In Brief – N.43 – February 3, 2017

Women’s apparel chain The Limited began closing all 250 of its stores across the United States and is slashing 4,000 jobs, the latest casualty of shopping’s move online and the growth of fast fashion chains according to analysts.

The British Government is no longer the biggest shareholder in Lloyds Banking Group after selling down its stake to less than 6%. The Government has now recovered more than £18 billion, the lender said, as it continues to reduce its stake from the 43% it held after rescuing Lloyds with a £20.5 billion bailout during the financial crisis.

Yahoo, soon to be renamed Altaba, has revealed its plans if the sale of its main internet properties to Verizon Communications goes ahead, with chief executive Marissa Mayer to step down and leave the board of the investment company that will remain.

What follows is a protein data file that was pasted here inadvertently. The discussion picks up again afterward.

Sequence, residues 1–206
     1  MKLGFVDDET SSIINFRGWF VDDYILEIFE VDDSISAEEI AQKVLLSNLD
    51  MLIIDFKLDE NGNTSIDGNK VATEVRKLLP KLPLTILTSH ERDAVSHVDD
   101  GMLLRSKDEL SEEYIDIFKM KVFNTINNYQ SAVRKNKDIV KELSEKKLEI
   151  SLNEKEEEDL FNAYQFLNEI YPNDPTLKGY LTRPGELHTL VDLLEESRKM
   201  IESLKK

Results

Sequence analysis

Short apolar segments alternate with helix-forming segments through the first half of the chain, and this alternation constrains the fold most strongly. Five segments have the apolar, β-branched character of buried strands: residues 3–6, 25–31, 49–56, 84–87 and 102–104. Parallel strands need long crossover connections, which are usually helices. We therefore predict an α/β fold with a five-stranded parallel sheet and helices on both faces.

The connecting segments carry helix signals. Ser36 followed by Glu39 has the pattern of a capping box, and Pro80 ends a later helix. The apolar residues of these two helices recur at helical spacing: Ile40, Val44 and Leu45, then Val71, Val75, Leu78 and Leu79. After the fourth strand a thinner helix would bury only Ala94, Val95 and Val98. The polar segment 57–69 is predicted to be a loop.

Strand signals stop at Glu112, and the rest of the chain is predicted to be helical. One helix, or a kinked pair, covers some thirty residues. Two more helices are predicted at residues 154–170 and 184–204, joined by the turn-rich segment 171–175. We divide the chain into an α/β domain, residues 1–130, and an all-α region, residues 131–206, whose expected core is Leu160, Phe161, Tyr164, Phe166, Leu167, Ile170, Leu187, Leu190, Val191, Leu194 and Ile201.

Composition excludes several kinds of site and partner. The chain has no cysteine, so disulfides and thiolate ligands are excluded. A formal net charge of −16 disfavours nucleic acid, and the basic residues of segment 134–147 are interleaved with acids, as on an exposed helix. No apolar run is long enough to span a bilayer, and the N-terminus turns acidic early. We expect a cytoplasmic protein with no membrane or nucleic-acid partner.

Britain will be in the “front seat” to negotiate a new trade deal with the incoming Trump administration, Senate Foreign Relations Committee Chairman Bob Corker said after meeting Foreign Secretary Boris Johnson. Yet President Barack Obama warned in April 2016 that the UK would be at the back of the queue for trade deals if voters chose Brexit.

A team of researchers at MIT has designed one of the strongest lightweight materials known, by compressing and fusing flakes of graphene, a two-dimensional form of carbon. The new material, a sponge-like configuration with a density of just 5 percent, can have a strength 10 times that of steel.

US President Barack Obama returned to Chicago to offer his grateful farewell to the American people. “America is not the project of any one person. Because the single most powerful word in our democracy is the word We. We The People,” said Obama.